P- Reviewers: Chiu IM, Lakatos PL S- Editor: Cui XM L- Editor: Roemmele A E- Editor: Liu XM
Published online Feb 27, 2014. doi: 10.4254/wjh.v6.i2.98
Revised: December 2, 2013
Accepted: December 12, 2013
Published online: February 27, 2014
AIM: To investigate the effect of methylsulfonylmethane (MSM), recently reported to have anti-cancer effects, in liver cancer cells and transgenic mice.
METHODS: Three liver cancer cell lines, HepG2, Huh7-Mock and Huh7-H-rasG12V, were used. Cell growth was measured by Cell Counting Kit-8 and soft agar assay. Western blot analysis was used to detect caspases, poly (ADP-ribose) polymerase (PARP), and B-cell lymphoma 2 (Bcl-2) expressions. For in vivo study, we administered MSM to H-ras12V transgenic mice for 3 mo.
RESULTS: MSM decreased the growth of HepG2, Huh7-Mock and Huh7-H-rasG12V cells in a dose-dependent manner. That was correlated with significantly increased apoptosis and reduced cell numbers in MSM treated cells. Cleaved caspase-8, cleaved caspase-3 and cleaved PARP were remarkably increased in the liver cancer cells treated with 500 mmol/L of MSM; however, Bcl-2 was slightly decreased in 500 mmol/L. Liver tumor development was greatly inhibited in the H-ras12V transgenic mice treated with MSM, compared to control, by showing reduced tumor size and number. Cleaved PARP was significantly increased in non-tumor treated with MSM compared to control.
CONCLUSION: Liver injury was also significantly attenuated in the mice treated with MSM. Taken together, all the results suggest that MSM has anti-cancer effects through inducing apoptosis in liver cancer.
Core tip: Methylsulfonylmethane (MSM) is an organic sulfur-containing compound. MSM suppressed hepatic tumor growth through activation of apoptosis. MSM could be a potential candidate as an anti-liver cancer agent.
- Citation: Kim JH, Shin HJ, Ha HL, Park YH, Kwon TH, Jung MR, Moon HB, Cho ES, Son HY, Yu DY. Methylsulfonylmethane suppresses hepatic tumor development through activation of apoptosis. World J Hepatol 2014; 6(2): 98-106
- URL: https://www.wjgnet.com/1948-5182/full/v6/i2/98.htm
- DOI: https://dx.doi.org/10.4254/wjh.v6.i2.98
Liver cancer is the sixth most common malignancy and the third most common cause of cancer-related mortality worldwide. Approximately 560000 cases are diagnosed each year and 550000 deaths are due to liver cancer. In most countries, 75%-90% of liver cancers are hepatocellular carcinomas. The main risk factors of liver cancer include infection with hepatitis B virus (HBV) or hepatitis C virus (HCV). Other risk factors include excessive alcohol consumption, nonalcoholic steatohepatitis, autoimmune hepatitis, primary biliary cirrhosis, particularly aflatoxin B and various genetic metabolic diseases. However, mortality is diminishing with the development of vaccine and therapy methods. In particular, therapy using natural extracts with no side effects has been reported. It was recently reported that tetrandrine induces apoptosis in human hepatocellular carcinoma and berbamine induces apoptosis and tumor growth inhibition.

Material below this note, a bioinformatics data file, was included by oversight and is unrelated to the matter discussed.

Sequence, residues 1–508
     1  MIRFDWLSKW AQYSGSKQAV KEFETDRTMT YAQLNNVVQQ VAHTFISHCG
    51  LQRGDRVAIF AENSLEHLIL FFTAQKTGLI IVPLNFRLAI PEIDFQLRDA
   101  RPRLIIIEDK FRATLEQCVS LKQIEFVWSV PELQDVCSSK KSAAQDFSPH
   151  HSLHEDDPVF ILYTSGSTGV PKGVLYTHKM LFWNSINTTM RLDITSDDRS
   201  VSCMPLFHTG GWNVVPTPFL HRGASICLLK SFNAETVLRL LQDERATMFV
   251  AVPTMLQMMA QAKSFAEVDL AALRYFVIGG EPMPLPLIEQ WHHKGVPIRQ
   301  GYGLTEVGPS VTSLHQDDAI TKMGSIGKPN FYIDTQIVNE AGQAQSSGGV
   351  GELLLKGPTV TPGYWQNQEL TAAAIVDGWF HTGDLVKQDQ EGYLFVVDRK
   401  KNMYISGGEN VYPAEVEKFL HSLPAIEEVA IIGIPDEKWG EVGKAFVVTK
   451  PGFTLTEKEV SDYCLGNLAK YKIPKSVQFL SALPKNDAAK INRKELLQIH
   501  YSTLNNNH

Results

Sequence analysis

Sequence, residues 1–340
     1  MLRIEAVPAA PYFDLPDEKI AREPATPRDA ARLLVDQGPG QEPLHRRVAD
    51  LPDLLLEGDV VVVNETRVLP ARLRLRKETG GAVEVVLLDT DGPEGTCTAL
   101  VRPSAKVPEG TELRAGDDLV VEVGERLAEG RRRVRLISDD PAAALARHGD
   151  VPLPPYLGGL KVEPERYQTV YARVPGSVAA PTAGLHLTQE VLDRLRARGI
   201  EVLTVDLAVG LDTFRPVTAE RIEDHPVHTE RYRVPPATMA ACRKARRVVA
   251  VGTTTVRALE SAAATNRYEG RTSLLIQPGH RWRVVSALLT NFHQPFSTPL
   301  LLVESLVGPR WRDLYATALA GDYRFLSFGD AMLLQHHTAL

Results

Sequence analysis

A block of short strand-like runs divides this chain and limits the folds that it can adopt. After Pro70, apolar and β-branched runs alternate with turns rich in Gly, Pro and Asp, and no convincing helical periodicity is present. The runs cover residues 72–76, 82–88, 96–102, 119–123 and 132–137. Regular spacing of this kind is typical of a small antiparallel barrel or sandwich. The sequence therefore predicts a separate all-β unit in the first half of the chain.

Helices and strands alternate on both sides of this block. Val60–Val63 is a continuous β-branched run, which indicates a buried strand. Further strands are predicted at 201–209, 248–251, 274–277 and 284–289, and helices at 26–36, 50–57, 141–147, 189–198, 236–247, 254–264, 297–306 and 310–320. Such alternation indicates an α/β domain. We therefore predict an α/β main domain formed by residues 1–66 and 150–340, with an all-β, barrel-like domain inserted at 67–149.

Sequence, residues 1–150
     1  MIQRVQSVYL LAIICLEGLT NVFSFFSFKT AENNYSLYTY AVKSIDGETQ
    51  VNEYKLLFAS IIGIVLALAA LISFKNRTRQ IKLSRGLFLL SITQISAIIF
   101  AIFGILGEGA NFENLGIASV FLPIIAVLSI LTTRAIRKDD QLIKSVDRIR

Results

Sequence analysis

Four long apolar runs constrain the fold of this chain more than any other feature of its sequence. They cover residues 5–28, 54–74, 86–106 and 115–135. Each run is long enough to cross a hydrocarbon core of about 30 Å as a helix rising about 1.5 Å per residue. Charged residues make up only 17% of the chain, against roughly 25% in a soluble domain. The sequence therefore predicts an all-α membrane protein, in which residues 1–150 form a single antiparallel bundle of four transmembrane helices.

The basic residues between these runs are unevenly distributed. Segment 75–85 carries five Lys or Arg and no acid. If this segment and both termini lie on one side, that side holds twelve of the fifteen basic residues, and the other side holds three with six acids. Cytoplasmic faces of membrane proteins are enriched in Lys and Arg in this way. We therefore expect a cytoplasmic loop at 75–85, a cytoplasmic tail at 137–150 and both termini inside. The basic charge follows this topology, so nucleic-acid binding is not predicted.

Apoptosis is a physiological process for involution and atrophy of various tissues and organs during development and maintenance of tissue homeostasis. The apoptosis pathway is mediated by death receptors that include tumor necrosis factor receptor (TNFR), Fas and TNF-related apoptosis-inducing ligand (TRAIL). These ligands lead to the recruitment and activation of initiator cysteine aspartic proteases (caspases) such as caspases-8 and 10. These lead to the activation of caspase-3. The active caspase-3 involves DNA fragmentation, nuclear fragmentation, membrane blebbing and other morphological and biochemical changes. Otherwise, apoptosis is initiated by the stress-mediated release of cytochrome-c. The cytochrome-c activates initiator caspase, typically caspase-9, which leads to the activation of the executioner caspase-3. In response to apoptotic stimuli, pro-apoptotic members of the B-cell lymphoma 2 (Bcl-2), Bcl-2-associated X protein (Bax) and Bcl-2 homologous antagonist killer (Bak) become activated and act on the mitochondria to induce the release of cytochrome-c.
Methylsulfonylmethane (MSM), an organic sulfur-containing compound, inhibits LPS-induced release of pro-inflammatory mediators in murine macrophages through downregulation of nuclear factor kappa-light-chain-enhancer of activated B cells (NF-KB) signaling. Moreover, the effect of MSM has been reported in cancer. MSM suppresses breast cancer growth by down-regulating signal transducer and activator of transcription 3 (STAT3) and signal transducer and activator of transcription 5b (STAT5b) pathways. Apoptotic effects in other cancer cells, such as esophageal, gastric and liver cancer cells, were reported.
To further understand the effect of MSM in prevention of hepatic tumorigenesis, we have examined it in liver cancer cell lines and liver cancer mouse model.